Regardless of whether the ever convivial Neil is in attendance or not, we highly recommend at least one, if not many visits, to BBB during your time on the island.

Café Juliana, Upper level Princess Juliana Airport - A great place to stop for drinks and the last few cigarettes before clearing Immigration and Security before boarding one's departure flight.  We also understand the food served there is quite good and it appeared to be so, but we've never tried it.  The place was bustling (frequently difficult to find a space at the bar) and the staff and management were hustling - none of that island time thing there.

Crew Bar, Port de Plaisance - Dead as could be the late afternoon we visited.  We can't reveal all the details and the reasons why we expected that to be the case because of information Neil Rooney shared with us, but let's just say things are in transition and a bit of time has to pass before changes are initiated.  We found the bar in its current state to be pleasant enough and certainly enjoyed talking with Steve as he plied us with drinks.

Domaine de L'Amandier, Grand Case - Actually we patronized both the Tapas Bar and the Martini Bar at L'Amandier probably the most of any on the island.  That's largely because they're open very late and are convenient as a final stop for nightcaps before retiring at Hotel L'Esplanade.  It's also a good place for late dessert when none was had with the evening meal - Pina Coladas.  Samir always remembers us and was his normal ebullient self.  Toward the latter part of our trip we found the Tapas Bar had been closed for "renovations."

This is another of those instances in our travelogue when we'll make a cryptic statement without explaining it.  Don't be surprised if changes occur with Domaine de L'Amandier.

Howell Center Open Air Bar, Marigot - After a bit of shopping in the Howell Center we stopped by for a Carib and a Presidente.  Probably would have enjoyed more than one round but we spotted a massive black thunderhead moving our way from the direction of Pic Paradise and thought it prudent to gather our shopping and make a hasty dash for our car.  Very good decision - another torrential rain quickly ensued - the type in which windshield wipers seem to have no effect.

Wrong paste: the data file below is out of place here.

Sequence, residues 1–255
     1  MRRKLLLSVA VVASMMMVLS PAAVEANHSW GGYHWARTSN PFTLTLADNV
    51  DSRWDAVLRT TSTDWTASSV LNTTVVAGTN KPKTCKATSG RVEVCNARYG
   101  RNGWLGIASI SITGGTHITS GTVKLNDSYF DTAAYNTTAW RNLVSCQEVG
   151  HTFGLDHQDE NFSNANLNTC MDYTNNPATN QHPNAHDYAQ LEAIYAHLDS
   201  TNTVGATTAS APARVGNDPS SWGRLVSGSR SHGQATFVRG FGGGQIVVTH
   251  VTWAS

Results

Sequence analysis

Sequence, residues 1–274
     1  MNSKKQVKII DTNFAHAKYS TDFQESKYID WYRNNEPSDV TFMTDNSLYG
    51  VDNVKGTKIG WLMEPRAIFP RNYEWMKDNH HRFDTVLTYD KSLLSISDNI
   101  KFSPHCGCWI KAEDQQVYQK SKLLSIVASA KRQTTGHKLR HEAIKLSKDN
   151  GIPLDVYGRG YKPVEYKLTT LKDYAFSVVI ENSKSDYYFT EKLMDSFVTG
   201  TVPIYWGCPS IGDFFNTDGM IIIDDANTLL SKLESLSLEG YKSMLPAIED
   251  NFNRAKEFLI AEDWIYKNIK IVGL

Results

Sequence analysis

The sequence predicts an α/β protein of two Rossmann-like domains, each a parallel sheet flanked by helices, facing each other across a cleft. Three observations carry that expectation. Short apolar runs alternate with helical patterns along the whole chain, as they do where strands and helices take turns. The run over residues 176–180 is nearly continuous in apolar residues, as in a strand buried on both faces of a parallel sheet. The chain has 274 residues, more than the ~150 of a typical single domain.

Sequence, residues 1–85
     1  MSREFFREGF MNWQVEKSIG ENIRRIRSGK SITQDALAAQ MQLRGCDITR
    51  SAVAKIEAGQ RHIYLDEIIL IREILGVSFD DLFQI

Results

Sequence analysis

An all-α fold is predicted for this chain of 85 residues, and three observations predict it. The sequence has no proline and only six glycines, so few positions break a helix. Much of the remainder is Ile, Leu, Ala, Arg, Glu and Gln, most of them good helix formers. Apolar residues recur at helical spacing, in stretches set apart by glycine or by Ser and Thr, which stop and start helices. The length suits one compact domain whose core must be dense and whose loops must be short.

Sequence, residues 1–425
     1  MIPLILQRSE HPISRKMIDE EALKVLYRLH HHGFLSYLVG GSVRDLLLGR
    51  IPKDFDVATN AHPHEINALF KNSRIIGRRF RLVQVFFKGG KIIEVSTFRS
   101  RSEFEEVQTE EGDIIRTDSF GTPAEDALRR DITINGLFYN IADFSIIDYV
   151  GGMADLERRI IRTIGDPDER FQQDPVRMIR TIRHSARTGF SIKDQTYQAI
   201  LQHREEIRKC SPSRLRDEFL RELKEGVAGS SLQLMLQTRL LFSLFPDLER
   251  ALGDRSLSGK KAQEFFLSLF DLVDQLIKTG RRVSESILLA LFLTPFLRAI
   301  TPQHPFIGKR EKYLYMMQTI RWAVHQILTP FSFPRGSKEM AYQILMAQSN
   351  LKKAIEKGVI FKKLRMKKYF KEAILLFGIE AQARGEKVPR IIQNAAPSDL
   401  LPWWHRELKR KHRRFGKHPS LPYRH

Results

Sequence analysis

Hot Tomatoes -  Met the bartender Belinda and later had a reunion with Althea who was her normal smiling cheery self.  Learned that Gabe is off island for some time because of the illness of a family member.

We like the great looking bar at Hot Tomatoes and the nice breezes through the open doors and windows, day or night.

Lady C Floating Bar, Simpson Bay area - We had heard many times about this infamous evening party place but paid our first visit in late afternoon.  The bar is "docked" just by the drawbridge and cannot easily be seen from the main road.  The parking lot is a bit of a joke since it is so small and actually shared with at least one other adjacent business.  We can only assume the hordes of nighttime revelers must leave their vehicles alongside Airport Road.  Our beverage needs were well handled by the lovely Jill who we learned also works at the Sand Bar on Snoopy Island.  Her "real job" is being a school teacher and we would guess a very excellent one, judging by the way she was interacting with her customers - great personality.

The Lady C certainly is a different type of bar experience - it moves a bit even without one having consumed any libations.  Soon after our visit it was being moved to dry dock for some "bottom work" and after a hiatus of several weeks would resume its position and function.

Hotel le Flamboyant Pool Bar, Nettle Baie - Actually we were in le Flamboyant water activities area for a reason other than visiting the bar, but since it was there we availed ourselves.  It's a good size rectangular affair dispensing drinks for consumption at the pool and nearby tables with umbrellas.  Their Heinekens and Caribs were perfectly prepared.

L'Esplanade Pool Bar, This small bar in an incredibly lovely setting meets the needs of L'Esplanade's and Le Petit's guests during high season.  Gal, the bartender, had a large assortment of music from which his customers could choose their preferences while he served them interesting drinks at their lounges and on both the dry and "wet" sides of the bar.  Always fun having drinks sitting on bar stools submerged in the pool!

La Belle Epoque, Marigot - A traditional rest stop for us during those marathon shopping expeditions in Marigot.  We rested there a lot this trip.  Fabulous view of the Marina Royale.  Some customers there on one of our visits proclaimed it a fantastic place to observe a fashion show.

La Playa, Orient Beach - We visited La Playa twice primarily in hopes of rendezvousing with another couple, but alas for circumstances beyond their control they were not receiving our messages left for them.  On our first visit initially we deposited ourselves in the main restaurant / bar area and then gravitated to the small beachfront bar station.  It was a nice view and the sun felt good, but it definitely was another of those days when one would not want to be on a lounge on the beach.  There was very choppy water with white caps across the entire bay.  No parasails that day - much too windy.